Archive for December 3, 2009


Posted: December 3, 2009 in Uncategorized


Characters with learning disabilities rarely appear in crime fiction and when they do it is usually as a suspect or a victim. I found it a breath of fresh air to come across Colin Cotterill’s character of the morgue labourer, Mr Geung in The Coroner’s Lunch.

Here Dr Siri deliberately misunderstands the obnoxious young Judge Haeng in a discussion about Mr Geung’s future employment.

‘I believe it is time for you to get rid of the moron.’

‘The moron?’ Siri shuddered. ‘Oh, I don’t know. I know he has his off days, but I don’t think that is enough reason to kick Director Suk out of his job.’………………….

‘Director….? Goodness, no, Siri. I’m talking about the retard you have as a morgue labourer. I’m prepared to pay a full salary for that position now.’

‘I’m so pleased. Mr Geung will be delighted when I tell him he can have a living wage.’
‘Pay attention. I’m telling you to get rid of him and hire a normal person.’

‘I can’t get rid of him. He’s the only one there who knows what to do.’ ………….

…..Judge Haeng, Mr Geung has a mild strain of Down Syndrome.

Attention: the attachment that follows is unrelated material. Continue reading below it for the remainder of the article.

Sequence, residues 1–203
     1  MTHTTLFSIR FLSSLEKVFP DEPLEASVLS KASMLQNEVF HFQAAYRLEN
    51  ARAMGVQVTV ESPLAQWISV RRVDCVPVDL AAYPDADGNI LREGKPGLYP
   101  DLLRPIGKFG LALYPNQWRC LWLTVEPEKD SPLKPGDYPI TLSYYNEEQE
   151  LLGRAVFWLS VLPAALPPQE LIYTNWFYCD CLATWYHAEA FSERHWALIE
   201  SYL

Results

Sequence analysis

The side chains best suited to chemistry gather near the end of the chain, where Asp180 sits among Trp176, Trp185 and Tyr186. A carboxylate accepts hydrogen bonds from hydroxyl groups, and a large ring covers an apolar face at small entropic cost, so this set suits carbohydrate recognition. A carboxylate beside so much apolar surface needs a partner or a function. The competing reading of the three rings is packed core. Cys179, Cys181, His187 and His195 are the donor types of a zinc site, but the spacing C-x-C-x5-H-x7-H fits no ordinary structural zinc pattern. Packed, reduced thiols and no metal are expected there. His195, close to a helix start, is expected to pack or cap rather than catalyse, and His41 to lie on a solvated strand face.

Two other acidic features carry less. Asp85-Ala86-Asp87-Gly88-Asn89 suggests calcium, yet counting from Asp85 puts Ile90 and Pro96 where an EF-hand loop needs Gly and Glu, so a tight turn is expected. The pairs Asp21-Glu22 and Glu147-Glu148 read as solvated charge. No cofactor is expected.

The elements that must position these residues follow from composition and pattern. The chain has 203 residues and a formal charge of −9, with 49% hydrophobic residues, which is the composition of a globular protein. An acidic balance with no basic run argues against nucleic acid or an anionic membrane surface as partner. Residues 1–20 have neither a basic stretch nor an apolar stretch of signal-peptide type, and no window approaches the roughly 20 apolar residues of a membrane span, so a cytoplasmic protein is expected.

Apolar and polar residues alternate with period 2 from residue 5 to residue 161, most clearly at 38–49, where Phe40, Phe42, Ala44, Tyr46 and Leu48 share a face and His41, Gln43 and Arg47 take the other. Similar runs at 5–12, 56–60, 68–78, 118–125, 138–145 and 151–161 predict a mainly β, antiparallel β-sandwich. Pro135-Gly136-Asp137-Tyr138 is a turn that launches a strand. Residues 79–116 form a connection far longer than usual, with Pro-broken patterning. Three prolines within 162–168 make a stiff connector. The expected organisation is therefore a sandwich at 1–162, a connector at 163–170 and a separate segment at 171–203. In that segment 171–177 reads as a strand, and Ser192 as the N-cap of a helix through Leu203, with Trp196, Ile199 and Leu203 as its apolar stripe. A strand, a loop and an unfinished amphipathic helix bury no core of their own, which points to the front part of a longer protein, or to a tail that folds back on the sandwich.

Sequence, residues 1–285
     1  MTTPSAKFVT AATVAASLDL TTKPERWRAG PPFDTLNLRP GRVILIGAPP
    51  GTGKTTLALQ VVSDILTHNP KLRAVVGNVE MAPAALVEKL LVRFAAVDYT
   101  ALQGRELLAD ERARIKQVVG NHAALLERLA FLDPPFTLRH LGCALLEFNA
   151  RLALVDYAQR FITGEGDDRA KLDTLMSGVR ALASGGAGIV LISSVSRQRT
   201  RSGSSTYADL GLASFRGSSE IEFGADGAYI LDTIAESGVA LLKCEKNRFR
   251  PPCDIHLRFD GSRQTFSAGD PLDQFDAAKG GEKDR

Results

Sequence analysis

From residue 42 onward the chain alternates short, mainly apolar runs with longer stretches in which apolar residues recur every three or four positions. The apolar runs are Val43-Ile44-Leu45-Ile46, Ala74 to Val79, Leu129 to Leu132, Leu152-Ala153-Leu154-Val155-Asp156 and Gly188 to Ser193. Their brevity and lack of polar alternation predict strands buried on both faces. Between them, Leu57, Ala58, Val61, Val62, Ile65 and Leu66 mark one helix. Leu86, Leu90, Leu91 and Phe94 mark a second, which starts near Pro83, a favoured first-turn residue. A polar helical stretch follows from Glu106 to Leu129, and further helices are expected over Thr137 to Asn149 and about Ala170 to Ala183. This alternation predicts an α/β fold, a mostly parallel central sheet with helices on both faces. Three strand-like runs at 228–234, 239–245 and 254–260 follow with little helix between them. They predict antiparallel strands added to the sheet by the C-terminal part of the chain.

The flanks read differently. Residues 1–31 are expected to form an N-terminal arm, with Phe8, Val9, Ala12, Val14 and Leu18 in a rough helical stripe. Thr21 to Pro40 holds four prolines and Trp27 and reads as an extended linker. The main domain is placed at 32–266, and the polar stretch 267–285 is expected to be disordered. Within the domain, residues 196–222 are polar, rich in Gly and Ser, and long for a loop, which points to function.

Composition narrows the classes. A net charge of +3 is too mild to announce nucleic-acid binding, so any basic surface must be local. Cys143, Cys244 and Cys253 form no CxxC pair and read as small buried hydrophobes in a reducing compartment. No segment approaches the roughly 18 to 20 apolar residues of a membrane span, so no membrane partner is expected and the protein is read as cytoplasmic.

‘He’s constantly reminding me of procedures I’ve forgotten, and where things are stored. He has an amazing memory, and my nurse Dtui and I love him very much.’

This discussion of Mr Geung’s qualities and abilities resonated with me as my younger son Jake, who has Down’s syndrome, works part time in a cafe. A few weeks ago I thanked the lady who owns the business for looking after him, and her reply was ‘he looks after us, and is better than the others.’

As far as his ‘amazing memory’ is concerned when he went off to residential college we took the opportunity to sort out the various forty seven Star Trek videotapes he had bought over a number of years. These had been purchased on forty seven different trips to W.H Smith or HMV where Jake spent about 20 minutes each time studying the boxes before announcing which one he would buy.
As we sorted through the videotapes, whose covers looked identical to us, we realised with utter astonishment that there were no duplicates. Jake had somehow managed to read or recognise and remember which episodes he had purchased already, and not buy that videotape again. Experts would say that memory feat was impossible for someone with Down’s syndrome, and so would I if I had not witnessed it myself.
We moved on to buy DVDs but Jake is the only one who can operate the DVD machine!
I am looking forward to reading more about Mr Geung, Dr Siri and Nurse Dtui but at you can follow the further adventures of Jake and his friends on their visit to Dartmoor Prison.